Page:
Study: Gag Orders Fuel Rumors, Harm Rescue Efforts

YERUSHALAYIM -
The Behavioral Sciences Building at Ben-Gurion University of the Negev.
The Behavioral Sciences Building at Ben-Gurion University of the Negev.

Court-ordered gag orders fuel rumors and hamper emergency response efforts, according to a new study published on Monday by researchers at Ben-Gurion University of the Negev.

The BGU study focused on the spread of information and misinformation on social media networks during Israel’s Operation “Brother’s Keeper” to locate the three kidnapped youths.

The study mapped 13 different rumors disseminated during the days of the operation.The research findings showed that 69 percent of the rumors were found to be true, and that journalists, military and emergency agencies’ personnel participated in the dissemination of the rumors during the operation.

According to Tomer Simon, of the BGU Department of Emergency Medicine, individuals who are immersed in emergency situations try to reduce their stress levels by searching for information concerning the event. As the court had issued a strict gag order on behalf of the Israel Defense Forces, which included a prohibition to publish any information regarding the event, including the existence of the gag order itself, the public used rumors to fill the information gap.

Rumors, by definition, are bits of information that cannot be verified in real-time, especially when there is a strict gag order, but as they are perceived to “make sense” and conform to the reality of their readers, many accept them as true and share them further. During the operation, some of the rumors had even reached officers and soldiers conducting the search to locate the teenagers, and undermined their confidence in the necessity of their activities.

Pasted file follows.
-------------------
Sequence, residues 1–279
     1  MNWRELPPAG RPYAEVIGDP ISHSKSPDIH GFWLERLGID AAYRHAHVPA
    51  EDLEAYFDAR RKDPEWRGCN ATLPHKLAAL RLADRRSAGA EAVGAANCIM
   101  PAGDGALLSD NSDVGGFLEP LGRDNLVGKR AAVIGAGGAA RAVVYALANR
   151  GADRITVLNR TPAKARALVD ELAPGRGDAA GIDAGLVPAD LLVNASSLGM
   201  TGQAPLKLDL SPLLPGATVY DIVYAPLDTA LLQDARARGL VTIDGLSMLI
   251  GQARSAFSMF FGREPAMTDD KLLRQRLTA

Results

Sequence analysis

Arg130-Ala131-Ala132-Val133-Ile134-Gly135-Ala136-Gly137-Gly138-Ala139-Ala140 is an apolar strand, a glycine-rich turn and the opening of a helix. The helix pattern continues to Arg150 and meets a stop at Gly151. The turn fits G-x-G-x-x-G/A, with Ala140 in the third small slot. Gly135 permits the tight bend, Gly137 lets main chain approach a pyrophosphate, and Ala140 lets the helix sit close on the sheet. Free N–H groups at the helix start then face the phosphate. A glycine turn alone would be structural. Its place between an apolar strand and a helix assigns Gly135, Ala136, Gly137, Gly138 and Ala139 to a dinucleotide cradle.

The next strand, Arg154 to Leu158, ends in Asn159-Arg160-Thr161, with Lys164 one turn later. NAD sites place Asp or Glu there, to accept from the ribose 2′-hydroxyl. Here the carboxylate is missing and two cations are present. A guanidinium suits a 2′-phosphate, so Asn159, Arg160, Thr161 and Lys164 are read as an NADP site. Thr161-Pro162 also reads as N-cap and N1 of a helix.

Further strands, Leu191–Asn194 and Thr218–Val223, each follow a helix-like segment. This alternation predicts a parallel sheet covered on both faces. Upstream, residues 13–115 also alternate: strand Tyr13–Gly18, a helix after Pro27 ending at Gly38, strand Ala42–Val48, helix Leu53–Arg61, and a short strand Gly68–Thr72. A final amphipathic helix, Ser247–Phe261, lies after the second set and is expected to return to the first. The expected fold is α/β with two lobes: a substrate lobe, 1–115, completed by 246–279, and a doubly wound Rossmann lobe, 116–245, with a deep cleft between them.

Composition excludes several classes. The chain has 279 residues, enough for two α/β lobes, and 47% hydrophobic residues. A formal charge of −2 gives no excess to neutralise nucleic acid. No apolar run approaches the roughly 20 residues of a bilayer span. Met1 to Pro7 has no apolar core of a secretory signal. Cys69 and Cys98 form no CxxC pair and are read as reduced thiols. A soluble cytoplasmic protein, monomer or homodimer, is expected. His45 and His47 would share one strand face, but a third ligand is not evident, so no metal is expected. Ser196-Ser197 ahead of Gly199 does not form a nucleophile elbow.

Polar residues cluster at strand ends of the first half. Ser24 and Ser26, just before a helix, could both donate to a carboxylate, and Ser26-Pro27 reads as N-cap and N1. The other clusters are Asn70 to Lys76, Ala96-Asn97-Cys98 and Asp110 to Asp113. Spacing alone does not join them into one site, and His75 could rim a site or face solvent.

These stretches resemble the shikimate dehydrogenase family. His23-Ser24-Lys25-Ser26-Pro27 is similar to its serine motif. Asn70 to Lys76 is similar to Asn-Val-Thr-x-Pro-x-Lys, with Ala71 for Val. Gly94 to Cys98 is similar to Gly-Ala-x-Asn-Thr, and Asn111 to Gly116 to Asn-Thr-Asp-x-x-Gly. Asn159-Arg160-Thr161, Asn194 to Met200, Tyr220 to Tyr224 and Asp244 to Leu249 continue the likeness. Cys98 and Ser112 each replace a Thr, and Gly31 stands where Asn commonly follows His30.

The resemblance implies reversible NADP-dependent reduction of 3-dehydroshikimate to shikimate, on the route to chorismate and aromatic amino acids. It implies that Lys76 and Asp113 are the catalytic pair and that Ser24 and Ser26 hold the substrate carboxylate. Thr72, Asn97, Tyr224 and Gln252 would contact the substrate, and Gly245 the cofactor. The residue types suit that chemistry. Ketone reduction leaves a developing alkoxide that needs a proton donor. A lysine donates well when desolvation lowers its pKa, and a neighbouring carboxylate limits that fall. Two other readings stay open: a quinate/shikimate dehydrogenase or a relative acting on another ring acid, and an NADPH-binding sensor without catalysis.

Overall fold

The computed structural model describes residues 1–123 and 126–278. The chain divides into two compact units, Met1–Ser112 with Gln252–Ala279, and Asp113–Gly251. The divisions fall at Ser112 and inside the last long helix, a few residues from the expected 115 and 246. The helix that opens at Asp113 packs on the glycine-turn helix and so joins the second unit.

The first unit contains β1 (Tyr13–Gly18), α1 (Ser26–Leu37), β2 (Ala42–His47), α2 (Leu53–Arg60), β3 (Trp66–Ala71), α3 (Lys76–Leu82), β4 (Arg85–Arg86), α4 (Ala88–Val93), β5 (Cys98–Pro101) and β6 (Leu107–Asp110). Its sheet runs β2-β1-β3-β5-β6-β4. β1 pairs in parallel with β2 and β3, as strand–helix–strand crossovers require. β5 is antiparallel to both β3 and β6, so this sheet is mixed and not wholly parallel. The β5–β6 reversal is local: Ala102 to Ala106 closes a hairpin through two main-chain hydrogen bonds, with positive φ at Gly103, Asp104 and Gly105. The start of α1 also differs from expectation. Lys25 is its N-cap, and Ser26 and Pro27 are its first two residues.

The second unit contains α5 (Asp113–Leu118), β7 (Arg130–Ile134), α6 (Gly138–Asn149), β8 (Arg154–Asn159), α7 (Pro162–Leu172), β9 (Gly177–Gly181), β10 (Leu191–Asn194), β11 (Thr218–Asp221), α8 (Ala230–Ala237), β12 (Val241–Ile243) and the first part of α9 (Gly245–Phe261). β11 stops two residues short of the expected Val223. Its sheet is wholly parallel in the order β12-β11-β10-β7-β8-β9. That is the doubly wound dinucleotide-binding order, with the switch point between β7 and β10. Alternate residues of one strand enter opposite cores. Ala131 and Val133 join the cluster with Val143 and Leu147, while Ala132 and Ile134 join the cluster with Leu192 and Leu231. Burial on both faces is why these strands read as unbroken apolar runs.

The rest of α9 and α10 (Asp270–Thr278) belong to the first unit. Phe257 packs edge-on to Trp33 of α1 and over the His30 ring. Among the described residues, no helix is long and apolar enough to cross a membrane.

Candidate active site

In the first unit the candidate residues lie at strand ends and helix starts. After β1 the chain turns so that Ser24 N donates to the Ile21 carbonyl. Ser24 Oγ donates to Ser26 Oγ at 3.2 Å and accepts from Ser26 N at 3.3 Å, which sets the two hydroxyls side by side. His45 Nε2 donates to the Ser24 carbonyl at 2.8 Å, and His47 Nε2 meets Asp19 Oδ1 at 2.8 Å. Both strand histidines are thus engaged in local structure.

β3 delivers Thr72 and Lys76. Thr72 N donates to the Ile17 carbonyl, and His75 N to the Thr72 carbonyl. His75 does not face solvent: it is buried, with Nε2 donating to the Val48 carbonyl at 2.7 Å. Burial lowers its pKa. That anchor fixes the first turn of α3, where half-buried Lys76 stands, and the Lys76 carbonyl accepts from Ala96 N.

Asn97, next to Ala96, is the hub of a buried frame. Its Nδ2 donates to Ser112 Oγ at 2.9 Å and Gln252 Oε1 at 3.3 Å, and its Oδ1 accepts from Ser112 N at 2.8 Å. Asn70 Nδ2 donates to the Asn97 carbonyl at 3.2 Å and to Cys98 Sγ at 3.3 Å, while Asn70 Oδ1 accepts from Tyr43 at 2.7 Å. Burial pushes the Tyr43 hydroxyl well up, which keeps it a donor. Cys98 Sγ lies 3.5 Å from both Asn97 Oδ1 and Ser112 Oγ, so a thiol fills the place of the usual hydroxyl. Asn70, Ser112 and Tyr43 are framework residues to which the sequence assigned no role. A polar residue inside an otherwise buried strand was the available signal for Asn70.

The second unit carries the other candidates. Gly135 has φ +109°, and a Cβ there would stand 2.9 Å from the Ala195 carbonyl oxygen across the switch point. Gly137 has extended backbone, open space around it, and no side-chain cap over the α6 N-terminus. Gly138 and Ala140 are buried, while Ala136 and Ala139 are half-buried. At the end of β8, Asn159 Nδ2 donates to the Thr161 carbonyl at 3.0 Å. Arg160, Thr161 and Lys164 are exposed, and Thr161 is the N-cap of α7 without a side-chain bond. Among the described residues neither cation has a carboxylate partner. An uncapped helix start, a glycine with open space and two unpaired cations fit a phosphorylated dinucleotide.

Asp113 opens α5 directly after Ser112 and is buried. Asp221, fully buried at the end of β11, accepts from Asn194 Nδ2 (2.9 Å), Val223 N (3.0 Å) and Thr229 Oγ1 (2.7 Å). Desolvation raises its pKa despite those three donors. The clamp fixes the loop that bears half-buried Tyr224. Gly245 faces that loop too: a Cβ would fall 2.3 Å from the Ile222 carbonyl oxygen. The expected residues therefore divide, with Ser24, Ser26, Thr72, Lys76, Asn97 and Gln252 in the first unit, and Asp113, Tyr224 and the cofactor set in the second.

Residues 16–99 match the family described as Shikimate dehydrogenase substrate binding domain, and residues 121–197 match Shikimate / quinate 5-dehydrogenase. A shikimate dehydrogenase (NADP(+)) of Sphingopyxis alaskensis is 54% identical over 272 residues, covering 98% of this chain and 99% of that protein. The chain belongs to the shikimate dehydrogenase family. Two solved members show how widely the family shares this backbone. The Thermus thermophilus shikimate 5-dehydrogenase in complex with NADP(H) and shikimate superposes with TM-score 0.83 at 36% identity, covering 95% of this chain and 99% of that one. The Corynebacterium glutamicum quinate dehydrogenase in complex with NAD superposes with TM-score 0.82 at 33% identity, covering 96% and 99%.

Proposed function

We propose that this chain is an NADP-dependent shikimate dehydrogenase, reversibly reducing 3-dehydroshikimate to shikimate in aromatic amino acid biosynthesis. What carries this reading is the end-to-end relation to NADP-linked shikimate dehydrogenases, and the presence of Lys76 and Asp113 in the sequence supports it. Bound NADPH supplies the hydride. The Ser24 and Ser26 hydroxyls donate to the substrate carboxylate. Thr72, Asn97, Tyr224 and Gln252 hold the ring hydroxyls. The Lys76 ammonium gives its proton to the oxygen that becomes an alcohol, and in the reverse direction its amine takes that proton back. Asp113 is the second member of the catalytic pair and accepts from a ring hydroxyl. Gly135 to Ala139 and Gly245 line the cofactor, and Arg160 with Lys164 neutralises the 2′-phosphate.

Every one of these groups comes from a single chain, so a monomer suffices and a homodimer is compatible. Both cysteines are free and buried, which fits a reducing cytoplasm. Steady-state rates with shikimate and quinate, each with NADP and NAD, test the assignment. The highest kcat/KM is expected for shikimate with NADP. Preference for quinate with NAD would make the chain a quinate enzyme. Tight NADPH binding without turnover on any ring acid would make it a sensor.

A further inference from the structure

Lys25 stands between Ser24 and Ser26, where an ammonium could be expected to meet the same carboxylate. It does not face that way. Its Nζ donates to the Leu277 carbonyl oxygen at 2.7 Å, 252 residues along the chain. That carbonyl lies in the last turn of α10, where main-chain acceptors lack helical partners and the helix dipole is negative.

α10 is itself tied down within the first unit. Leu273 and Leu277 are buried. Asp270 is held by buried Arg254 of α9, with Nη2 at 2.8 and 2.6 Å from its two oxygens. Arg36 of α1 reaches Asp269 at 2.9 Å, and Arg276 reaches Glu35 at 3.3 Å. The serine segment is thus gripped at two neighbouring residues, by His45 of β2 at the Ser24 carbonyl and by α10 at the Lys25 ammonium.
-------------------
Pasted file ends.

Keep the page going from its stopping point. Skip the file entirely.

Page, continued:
These findings are atypical when compared to other world-wide studies, which presented significantly lower percentages of true rumors as well as differences in those that perpetuated them.

The report, which was published in the prestigious journal Computers in Human Behavior, made several recommendations, including a gag on gag orders.

“Do not use strict gag orders, as their effectiveness in the digital era is almost non-existent. Using gag orders creates the opposite effect and enhances and expedites the dissemination of rumors during emergencies,” it said.

It did encourage monitoring rumors during emergencies, in order to understand the public’s information gaps and to fill them with accurate information. The hope was expressed that this would also help to “cut emergency personnel out of the rumor dissemination loop.”